"To An Athlete Dying Young"
Dying young is considered by most to be one of the most tragic of fates. The specter of things undone and a life unlived haunts the funeral and colors the grief to an even darker shade. Most people desire to live to a ripe old age (or, at least, they claim to desire it) and would be aghast to have a premature death viewed in a positive light. Yet, this is exactly the driving force behind A.E. Housman's "To an Athlete Dying Young." In the poem, it is implied, if not outright stated, that it is better to die in the glory of youth than to rest too long on one's laurels, only to see those laurels wither.
The setting is the funeral of a young champion runner. Rather than join the others in mourning, however, the speaker is instead reflecting on how lucky the young athlete was to have died when he did, instead of lingering on outlasting the glory of his victories.
Speaking of how quickly the laurels die, the speaker seems to project himself onto the young runner with a knowledge that suggests he, too, once knew these glories. Through the speaker's thoughts, the reader gets a glimpse of what the speaker's life may have been since his youth: his own records broken, his skills diminished, his name forgotten. Instead of being a poem about the death of the athlete, the poem becomes a statement about the life of the speaker. As one of "the lads who wore their honors out," the speaker seems to be also mourning his own special kind of death.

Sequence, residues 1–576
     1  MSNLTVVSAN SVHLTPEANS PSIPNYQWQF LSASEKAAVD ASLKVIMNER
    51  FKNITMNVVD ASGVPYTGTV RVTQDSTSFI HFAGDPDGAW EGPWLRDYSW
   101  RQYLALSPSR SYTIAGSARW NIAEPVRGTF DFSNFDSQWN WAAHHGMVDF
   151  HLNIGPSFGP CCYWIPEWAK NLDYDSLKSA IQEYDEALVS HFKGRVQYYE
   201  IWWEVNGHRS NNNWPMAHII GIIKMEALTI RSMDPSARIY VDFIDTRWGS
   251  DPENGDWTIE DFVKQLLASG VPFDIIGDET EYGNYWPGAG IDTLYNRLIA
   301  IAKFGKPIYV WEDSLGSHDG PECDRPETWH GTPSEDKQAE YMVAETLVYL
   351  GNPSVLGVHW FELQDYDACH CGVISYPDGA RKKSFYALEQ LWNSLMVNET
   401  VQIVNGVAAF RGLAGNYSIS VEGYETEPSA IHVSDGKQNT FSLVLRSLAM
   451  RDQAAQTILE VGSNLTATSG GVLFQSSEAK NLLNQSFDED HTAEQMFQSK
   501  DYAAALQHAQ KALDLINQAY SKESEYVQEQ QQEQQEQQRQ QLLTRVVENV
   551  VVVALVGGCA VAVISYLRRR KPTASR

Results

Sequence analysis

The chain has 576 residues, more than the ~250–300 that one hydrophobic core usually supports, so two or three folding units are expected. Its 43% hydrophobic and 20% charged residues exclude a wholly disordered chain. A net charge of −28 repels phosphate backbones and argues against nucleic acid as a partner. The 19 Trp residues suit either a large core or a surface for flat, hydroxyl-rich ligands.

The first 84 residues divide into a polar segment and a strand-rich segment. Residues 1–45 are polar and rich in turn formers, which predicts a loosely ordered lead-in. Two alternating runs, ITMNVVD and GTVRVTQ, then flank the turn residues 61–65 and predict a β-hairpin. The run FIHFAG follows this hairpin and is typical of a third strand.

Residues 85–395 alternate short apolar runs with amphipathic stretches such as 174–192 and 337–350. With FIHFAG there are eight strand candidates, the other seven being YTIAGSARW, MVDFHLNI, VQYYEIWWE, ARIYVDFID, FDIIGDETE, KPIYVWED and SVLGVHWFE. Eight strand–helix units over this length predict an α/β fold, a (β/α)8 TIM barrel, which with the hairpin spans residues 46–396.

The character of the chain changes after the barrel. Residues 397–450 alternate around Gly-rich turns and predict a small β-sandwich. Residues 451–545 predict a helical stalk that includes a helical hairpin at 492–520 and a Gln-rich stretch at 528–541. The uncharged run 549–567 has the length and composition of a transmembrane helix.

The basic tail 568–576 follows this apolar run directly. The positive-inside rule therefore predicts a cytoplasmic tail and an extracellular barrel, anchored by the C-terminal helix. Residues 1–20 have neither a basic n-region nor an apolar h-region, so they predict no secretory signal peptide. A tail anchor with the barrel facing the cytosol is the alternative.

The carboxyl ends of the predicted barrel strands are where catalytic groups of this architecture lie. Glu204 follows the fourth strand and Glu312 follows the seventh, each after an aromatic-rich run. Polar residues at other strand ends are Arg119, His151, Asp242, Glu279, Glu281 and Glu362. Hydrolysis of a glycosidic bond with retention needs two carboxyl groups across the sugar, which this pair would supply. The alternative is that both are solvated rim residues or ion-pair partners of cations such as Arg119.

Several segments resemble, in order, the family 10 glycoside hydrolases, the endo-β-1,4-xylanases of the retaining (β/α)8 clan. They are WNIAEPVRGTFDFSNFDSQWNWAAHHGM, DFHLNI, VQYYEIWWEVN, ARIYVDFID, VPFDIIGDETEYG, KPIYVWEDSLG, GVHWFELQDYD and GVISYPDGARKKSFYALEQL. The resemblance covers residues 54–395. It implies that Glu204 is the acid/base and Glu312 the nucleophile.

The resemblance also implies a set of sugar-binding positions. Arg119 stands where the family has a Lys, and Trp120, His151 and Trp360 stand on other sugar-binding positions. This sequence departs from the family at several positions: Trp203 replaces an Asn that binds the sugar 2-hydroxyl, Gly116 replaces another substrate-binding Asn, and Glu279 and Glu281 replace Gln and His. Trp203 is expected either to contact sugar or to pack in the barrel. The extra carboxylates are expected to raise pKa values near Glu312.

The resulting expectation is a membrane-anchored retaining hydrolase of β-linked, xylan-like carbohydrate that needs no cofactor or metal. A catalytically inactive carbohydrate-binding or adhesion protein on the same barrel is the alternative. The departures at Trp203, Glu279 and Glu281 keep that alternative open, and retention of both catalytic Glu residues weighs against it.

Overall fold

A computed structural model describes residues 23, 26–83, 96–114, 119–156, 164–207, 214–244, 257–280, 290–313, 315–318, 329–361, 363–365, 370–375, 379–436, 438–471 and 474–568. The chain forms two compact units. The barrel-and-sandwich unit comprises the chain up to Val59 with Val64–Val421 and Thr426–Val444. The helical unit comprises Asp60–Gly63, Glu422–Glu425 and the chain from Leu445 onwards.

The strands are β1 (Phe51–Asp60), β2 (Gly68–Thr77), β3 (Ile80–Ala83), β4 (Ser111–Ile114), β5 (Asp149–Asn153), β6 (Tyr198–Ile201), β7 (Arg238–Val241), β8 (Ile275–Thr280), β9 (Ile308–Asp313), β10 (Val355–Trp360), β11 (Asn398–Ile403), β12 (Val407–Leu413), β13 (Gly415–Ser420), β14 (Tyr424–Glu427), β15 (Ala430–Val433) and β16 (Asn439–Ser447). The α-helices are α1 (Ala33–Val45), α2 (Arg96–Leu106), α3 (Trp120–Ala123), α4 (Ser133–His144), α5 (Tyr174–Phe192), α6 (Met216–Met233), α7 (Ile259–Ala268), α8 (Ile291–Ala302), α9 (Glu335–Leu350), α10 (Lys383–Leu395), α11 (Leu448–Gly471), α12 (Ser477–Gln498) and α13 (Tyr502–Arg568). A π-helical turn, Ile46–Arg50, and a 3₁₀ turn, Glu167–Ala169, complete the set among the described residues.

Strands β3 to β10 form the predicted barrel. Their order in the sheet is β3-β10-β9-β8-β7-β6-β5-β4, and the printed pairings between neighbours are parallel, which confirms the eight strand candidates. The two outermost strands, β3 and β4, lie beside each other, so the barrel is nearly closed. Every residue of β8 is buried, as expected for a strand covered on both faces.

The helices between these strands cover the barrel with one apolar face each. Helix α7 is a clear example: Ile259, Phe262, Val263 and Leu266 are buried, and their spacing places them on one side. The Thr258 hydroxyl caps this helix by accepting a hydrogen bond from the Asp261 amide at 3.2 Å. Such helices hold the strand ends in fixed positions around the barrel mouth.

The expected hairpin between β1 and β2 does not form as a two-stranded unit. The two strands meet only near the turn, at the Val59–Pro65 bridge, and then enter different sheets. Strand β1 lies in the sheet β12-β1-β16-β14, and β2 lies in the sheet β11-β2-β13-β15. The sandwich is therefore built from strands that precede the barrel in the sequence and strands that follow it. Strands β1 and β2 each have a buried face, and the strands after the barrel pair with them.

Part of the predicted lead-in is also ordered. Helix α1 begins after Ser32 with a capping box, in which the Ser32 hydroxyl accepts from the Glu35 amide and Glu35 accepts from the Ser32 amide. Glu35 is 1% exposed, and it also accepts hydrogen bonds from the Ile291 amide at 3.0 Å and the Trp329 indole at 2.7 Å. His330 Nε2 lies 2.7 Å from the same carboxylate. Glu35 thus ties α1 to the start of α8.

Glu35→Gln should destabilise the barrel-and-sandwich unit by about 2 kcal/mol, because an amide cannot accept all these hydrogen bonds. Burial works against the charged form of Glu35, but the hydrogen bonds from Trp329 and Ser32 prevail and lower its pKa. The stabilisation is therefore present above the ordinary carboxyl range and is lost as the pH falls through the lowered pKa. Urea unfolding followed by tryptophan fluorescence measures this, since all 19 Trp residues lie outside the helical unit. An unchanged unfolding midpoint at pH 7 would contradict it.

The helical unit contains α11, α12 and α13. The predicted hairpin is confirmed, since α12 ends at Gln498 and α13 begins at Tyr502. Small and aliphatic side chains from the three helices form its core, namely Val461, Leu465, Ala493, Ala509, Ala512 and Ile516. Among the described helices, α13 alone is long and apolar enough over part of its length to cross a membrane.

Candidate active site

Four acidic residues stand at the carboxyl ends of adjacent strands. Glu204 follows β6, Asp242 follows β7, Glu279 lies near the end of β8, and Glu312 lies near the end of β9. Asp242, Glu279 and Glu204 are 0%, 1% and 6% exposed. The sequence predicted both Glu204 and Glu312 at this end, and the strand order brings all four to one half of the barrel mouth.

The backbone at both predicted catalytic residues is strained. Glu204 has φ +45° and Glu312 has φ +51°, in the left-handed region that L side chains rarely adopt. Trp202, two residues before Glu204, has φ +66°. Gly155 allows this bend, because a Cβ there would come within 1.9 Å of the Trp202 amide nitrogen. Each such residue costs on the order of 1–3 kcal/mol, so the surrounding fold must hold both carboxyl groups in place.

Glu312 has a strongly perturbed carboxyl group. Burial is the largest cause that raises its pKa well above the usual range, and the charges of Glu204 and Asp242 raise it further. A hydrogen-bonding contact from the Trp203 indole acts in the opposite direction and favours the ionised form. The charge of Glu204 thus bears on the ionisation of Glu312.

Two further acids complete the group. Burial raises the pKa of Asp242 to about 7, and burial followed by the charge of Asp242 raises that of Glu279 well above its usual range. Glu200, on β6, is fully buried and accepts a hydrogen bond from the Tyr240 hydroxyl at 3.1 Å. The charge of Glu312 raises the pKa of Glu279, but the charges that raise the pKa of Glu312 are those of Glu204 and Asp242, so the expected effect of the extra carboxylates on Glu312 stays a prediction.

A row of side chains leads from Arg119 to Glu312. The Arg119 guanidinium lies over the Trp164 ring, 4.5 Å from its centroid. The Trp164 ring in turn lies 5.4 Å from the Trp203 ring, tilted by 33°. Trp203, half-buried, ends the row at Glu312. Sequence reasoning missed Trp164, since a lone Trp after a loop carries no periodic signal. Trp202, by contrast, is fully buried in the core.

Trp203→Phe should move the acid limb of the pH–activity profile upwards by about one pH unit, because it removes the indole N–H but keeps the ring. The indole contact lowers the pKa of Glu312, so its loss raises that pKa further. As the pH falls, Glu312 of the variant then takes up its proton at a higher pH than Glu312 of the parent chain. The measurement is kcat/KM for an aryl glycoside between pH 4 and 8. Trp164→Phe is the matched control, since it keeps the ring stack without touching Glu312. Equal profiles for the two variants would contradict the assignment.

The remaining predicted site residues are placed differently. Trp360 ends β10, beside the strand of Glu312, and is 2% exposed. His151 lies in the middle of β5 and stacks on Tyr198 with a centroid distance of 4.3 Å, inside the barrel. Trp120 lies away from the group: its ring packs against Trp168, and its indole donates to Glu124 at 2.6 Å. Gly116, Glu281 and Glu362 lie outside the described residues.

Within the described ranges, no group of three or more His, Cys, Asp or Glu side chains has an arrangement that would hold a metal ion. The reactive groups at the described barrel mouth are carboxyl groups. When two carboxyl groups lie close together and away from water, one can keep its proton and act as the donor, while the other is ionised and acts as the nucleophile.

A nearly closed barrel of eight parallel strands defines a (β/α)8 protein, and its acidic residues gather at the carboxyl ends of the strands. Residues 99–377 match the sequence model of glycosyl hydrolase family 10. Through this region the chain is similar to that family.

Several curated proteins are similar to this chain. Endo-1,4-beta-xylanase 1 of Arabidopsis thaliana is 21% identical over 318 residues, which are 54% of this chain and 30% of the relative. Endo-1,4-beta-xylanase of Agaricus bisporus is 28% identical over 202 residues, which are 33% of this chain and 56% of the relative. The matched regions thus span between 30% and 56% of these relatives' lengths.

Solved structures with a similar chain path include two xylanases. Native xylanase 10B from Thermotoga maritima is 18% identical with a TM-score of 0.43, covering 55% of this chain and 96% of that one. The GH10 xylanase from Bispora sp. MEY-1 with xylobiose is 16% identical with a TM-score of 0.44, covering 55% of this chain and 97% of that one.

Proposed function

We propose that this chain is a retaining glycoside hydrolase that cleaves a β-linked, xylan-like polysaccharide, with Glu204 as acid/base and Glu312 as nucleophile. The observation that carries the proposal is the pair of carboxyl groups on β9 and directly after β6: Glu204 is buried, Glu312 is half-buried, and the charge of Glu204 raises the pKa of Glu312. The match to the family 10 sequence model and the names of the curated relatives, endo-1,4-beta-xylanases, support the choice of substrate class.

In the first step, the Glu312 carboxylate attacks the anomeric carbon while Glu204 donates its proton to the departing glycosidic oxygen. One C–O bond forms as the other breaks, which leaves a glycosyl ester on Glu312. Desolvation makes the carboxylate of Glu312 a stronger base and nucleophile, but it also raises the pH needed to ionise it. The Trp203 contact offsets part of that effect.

The speaker is happy that the athlete died at such a young age because he sees much of himself in the young champion; yet, he also...